(copied with permission)

As a youth, I remember feeling cheated out of rich content in my education when I listened to my mother in times of sorrow or tenderness, lovingly recite entire poems and passages from books she studied in high school.

We all know that practice makes perfect, but for some reason perfection is not one of the goals of learning in most schools. In today's classrooms, students practice plenty, but are not required to retain knowledge perfectly.

The M Word

Somewhere along the way, rote learning got a bad rap. Memorization (there, I said the M word) became anathema to learning. How this came to be, I am uncertain, but what I am certain is that this shift away from memorization has undermined the effectiveness of the teaching and learning process altering whole generations. Perhaps the misplaced angst against memorization has come from the notion that memorization is reserved for teachers as a teaching methodology.

The true nature of memorization, however, is not for the teachers at all, really. It is for the students. And it is the responsibility of teachers to teach students how to use it to help them in their educational career.

The total emphasis on critical thinking has it all wrong: Before students can think critically, they need to have something to think about in their brains. It is true that knowledge without comprehension is of little use, but comprehension requires knowledge and it takes time and effort to acquire.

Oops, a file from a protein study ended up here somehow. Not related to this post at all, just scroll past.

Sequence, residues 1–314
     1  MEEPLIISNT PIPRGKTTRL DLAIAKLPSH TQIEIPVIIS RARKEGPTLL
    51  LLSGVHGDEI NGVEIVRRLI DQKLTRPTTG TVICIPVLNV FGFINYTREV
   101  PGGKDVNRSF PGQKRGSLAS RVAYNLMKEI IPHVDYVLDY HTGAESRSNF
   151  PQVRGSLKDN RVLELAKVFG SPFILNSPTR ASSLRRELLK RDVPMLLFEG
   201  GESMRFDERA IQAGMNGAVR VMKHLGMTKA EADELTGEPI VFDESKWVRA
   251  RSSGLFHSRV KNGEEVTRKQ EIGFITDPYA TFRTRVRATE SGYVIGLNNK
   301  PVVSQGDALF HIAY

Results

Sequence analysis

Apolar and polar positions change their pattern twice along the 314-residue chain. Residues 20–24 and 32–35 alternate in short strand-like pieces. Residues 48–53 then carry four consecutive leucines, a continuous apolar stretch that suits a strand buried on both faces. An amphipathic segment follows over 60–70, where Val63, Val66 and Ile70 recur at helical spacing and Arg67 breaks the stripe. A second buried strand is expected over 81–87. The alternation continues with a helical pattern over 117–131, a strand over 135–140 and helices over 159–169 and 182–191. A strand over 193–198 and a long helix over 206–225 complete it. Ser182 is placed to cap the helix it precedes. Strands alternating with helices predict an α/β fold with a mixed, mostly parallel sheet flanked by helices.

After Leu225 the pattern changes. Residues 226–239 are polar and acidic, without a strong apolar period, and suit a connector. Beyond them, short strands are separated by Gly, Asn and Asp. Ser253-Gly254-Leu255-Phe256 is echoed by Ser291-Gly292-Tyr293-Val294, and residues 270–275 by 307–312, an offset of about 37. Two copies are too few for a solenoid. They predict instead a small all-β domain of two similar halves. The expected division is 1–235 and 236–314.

Bloom's Taxonomy maintains that the highest order of thinking occurs at the evaluating and creating levels which infer that the thinkers must have knowledge, facts, data, or information in their brains to combine into something new, or with which to judge relative importance or value. Therefore, effective knowledge acquisition has to come first.

The Cognitive 411

Students deserve to know how to learn and teachers do them a disservice when they do not teach them useful learning skills. Here are some underlying concepts that need to be accepted before we can continue:

  • The brain is a learning tool. This might seem obvious, but the brain is not a passive sponge. It requires active effort to retain information in short-term memory and even more effort to get it into long-term memory.
  • Learners need to know that the longer an idea can be kept in short-term memory, the more chance it can be pushed into long-term memory. This is where practice makes perfect makes sense.